recipe: sweet and savory leek kugel

Anyone who has stood over my shoulder in the kitchen can attest that I struggle to follow a recipe. Instinct and creativity derail even my most earnest efforts. In fact, most of the time when I cook, I'm just winging it, grabbing the ingredients that look the best and throwing them together in the way that seems the most fitting or interesting. With all this imaginative initiative, you'd think it'd be easy for me to write a recipe...and you'd be wrong. Making things up on the fly is one thing, but writing down what I did so that someone else can test it out is another beast entirely. I look innocent, but trust me, I'm recipe off-roading.

Needless to say, it takes a gentle push to get me to write a proper recipe, and this week, that motivation was Food52's "your best leek recipe" contest. The first time I ate leeks was in Paris, and I instantly fell in love with this elegant green legume. The first few times I cooked with leeks, I used the whole vegetable (and it tasted fine to me!), but as time went on I learned to search for the long, slender white stems that make for the best leeks (and started discarding the rougher dark green tops).

A Carly staple: savory leek tart. (This rendition included asparagus and gruyère)

My favorite way to eat leeks is still in a savory tart. I tenderize mounds of the chopped veg in a little butter, and pile so many leeks atop the crust that there's barely room to add the egg and dairy binding agents. But for this occasion, I wanted to think outside the box. So my humble offering is a spin on another of my favorite foods: noodle kugel. This mildly sweet noodle dish plays on the flavors and textures of your typical kugel, but adds a savory element that renders it suitable at almost any meal. If you test it out, be sure to tell me your thoughts! (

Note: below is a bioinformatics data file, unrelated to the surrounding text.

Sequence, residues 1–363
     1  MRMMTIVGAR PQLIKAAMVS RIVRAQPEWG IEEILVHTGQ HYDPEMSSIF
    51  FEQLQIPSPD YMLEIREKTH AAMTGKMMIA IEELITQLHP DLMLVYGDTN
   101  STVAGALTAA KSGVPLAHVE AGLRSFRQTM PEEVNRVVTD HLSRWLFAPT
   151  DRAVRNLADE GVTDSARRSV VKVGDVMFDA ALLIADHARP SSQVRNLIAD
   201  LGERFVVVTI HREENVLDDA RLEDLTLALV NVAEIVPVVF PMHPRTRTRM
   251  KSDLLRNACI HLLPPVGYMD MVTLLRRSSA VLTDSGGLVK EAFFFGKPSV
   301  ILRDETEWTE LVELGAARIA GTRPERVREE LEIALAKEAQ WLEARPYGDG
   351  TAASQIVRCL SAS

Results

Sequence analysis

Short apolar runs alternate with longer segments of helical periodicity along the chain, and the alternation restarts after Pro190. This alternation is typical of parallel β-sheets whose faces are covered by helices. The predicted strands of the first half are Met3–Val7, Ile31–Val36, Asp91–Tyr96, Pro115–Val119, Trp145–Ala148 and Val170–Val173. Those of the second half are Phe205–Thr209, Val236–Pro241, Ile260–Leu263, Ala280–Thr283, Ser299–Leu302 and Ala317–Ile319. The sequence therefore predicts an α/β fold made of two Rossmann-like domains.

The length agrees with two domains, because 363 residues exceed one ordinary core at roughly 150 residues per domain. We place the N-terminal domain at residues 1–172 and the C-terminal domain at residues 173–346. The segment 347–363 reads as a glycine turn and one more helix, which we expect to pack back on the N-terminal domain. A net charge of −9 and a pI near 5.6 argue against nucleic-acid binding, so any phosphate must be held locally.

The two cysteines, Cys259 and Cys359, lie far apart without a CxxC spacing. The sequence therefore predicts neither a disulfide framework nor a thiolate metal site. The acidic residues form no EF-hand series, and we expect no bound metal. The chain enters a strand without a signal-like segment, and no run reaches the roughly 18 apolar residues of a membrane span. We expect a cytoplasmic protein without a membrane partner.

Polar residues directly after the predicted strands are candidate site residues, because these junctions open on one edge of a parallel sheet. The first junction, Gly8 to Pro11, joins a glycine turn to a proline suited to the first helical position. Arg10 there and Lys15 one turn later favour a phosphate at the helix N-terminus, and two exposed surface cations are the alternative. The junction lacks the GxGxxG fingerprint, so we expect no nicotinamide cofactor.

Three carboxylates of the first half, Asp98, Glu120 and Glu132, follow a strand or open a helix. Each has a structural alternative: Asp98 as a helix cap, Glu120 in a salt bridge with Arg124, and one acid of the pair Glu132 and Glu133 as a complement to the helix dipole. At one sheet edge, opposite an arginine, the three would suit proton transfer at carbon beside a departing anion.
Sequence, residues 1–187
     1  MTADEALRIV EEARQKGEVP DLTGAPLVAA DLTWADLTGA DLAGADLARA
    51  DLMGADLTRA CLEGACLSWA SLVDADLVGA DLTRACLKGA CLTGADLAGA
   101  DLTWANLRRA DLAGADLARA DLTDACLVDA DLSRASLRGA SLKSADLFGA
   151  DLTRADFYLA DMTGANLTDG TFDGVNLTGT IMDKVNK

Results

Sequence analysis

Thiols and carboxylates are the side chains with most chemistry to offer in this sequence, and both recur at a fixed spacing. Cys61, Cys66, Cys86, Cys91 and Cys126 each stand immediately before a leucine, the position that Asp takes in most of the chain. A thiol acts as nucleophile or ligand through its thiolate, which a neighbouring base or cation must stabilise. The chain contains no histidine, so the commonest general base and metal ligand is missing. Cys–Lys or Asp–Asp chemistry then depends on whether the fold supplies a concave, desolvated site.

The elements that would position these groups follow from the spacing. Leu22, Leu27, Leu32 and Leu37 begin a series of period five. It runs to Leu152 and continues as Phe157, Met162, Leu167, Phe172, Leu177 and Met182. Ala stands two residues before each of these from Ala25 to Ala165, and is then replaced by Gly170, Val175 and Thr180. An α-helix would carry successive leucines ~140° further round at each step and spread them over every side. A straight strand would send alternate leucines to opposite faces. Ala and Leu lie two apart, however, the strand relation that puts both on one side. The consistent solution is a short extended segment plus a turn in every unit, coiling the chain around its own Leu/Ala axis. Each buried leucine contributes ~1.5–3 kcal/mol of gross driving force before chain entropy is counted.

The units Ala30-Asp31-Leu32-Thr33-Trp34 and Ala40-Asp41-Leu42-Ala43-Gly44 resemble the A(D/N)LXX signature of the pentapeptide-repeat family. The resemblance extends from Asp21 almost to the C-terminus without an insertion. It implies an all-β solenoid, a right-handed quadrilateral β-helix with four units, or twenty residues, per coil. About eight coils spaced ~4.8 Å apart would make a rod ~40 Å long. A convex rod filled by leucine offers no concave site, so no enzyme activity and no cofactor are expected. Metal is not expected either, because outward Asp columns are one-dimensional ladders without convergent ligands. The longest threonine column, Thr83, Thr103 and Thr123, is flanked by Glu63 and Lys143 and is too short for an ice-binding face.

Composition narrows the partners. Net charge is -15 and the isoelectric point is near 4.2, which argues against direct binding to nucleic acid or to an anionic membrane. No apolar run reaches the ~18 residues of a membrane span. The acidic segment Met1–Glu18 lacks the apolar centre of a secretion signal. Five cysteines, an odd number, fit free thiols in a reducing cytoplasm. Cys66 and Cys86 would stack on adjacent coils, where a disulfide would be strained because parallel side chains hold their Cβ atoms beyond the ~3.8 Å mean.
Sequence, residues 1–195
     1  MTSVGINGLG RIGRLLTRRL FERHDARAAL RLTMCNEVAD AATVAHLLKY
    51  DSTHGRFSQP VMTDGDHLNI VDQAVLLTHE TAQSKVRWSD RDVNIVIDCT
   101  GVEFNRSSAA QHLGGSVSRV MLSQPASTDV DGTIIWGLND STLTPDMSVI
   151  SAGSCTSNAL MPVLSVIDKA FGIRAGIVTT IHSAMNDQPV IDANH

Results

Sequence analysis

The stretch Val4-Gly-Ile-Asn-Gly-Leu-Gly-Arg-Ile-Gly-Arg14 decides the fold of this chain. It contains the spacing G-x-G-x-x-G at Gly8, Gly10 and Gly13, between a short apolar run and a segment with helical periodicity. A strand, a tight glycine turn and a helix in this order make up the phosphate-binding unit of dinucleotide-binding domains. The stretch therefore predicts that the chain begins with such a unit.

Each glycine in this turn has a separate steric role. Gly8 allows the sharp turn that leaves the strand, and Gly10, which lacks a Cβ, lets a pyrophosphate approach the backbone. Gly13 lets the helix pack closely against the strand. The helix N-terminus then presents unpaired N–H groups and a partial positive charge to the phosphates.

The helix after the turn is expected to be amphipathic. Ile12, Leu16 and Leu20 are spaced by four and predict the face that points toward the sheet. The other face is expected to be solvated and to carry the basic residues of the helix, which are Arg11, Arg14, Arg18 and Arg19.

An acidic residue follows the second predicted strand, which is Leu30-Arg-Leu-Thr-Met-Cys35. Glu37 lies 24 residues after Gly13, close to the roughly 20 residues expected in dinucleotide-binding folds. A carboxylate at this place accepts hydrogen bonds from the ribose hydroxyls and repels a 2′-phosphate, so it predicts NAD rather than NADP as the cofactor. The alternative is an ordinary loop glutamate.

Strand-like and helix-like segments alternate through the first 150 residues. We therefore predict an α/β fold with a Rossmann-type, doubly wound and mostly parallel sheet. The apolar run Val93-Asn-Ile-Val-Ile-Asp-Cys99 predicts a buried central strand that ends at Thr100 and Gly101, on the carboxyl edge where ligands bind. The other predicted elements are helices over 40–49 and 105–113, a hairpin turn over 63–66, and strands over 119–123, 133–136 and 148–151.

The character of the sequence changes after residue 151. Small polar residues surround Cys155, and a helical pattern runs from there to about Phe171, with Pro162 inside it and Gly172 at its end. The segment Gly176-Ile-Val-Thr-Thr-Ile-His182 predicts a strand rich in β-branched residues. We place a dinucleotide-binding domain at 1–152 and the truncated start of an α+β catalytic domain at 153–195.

Making her recipe debut! Sweet 'n' savory leek kugel.

Sweet and Savory Leek Kugel


  • 2 tbsp butter
  • 4 cups chopped leeks
  • 1 bunch swiss chard, chopped (stems and leaves separated)
  • 1 cup golden raisins
  • 1 tbsp cinnamon
  • zest of 2 lemons
  • 8 oz egg noodles (for gluten-free, follow my lead and use spiral quinoa pasta)
  • 4 eggs
  • 2 cups high-quality, whole milk ricotta
  • splash of milk
  • salt and pepper to taste


  1. Preheat oven to 375F.
  2. Soak golden raisins in a glass of boiling water. Add cinnamon and stir. Set aside.
  3. Sautée leeks in 2 tbsp of butter. When just soft, set aside.
  4. In the same pan, sautée chard stems until tender. Set aside.
  5. Drain out most of the water from the cup of raisins. Add remaining raisins and liquid to pan, along with lemon zest and chard leaves. Sautée quickly (don't let it get overly wilted) and set aside.
  6. Boil pasta until al dente. Strain into a colander, rinsing with cold water to prevent over-cooking.
  7. Whisk together eggs, ricotta, a splash of milk and a generous pinch of both salt and pepper.
  8. Mix all ingredients together, and place in a medium-sized, greased glass baking dish.
  9. Bake for 35 minutes, broil for final 2-3 minutes if you prefer a crunchier "crust".